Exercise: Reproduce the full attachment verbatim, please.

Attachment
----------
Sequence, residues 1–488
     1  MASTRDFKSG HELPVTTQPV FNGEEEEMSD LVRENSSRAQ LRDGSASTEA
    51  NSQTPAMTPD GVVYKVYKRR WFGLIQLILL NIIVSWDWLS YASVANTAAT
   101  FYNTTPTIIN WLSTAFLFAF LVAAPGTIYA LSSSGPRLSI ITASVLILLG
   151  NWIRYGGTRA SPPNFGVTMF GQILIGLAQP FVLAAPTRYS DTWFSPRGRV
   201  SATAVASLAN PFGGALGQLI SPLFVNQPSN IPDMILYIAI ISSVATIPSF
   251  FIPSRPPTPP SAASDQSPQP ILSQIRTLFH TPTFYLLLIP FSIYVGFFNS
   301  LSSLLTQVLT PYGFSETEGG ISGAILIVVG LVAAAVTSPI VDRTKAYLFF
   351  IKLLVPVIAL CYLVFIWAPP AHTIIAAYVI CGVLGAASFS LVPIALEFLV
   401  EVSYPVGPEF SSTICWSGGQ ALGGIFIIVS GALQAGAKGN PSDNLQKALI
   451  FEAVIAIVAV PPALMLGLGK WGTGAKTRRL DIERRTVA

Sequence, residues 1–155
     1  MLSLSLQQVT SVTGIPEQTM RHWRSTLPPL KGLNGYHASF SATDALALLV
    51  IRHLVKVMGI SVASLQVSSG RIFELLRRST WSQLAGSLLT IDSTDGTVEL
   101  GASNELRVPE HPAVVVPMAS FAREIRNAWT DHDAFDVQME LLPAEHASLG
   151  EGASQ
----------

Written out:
Sequence, residues 1–488
     1  MASTRDFKSG HELPVTTQPV FNGEEEEMSD LVRENSSRAQ LRDGSASTEA
    51  NSQTPAMTPD GVVYKVYKRR WFGLIQLILL NIIVSWDWLS YASVANTAAT
   101  FYNTTPTIIN WLSTAFLFAF LVAAPGTIYA LSSSGPRLSI ITASVLILLG
   151  NWIRYGGTRA SPPNFGVTMF GQILIGLAQP FVLAAPTRYS DTWFSPRGRV
   201  SATAVASLAN PFGGALGQLI SPLFVNQPSN IPDMILYIAI ISSVATIPSF
   251  FIPSRPPTPP SAASDQSPQP ILSQIRTLFH TPTFYLLLIP FSIYVGFFNS
   301  LSSLLTQVLT PYGFSETEGG ISGAILIVVG LVAAAVTSPI VDRTKAYLFF
   351  IKLLVPVIAL CYLVFIWAPP AHTIIAAYVI CGVLGAASFS LVPIALEFLV
   401  EVSYPVGPEF SSTICWSGGQ ALGGIFIIVS GALQAGAKGN PSDNLQKALI
   451  FEAVIAIVAV PPALMLGLGK WGTGAKTRRL DIERRTVA

Sequence, residues 1–155
     1  MLSLSLQQVT SVTGIPEQTM RHWRSTLPPL KGLNGYHASF SATDALALLV
    51  IRHLVKVMGI SVASLQVSSG RIFELLRRST WSQLAGSLLT IDSTDGTVEL
   101  GASNELRVPE HPAVVVPMAS FAREIRNAWT DHDAFDVQME LLPAEHASLG
   151  EGASQ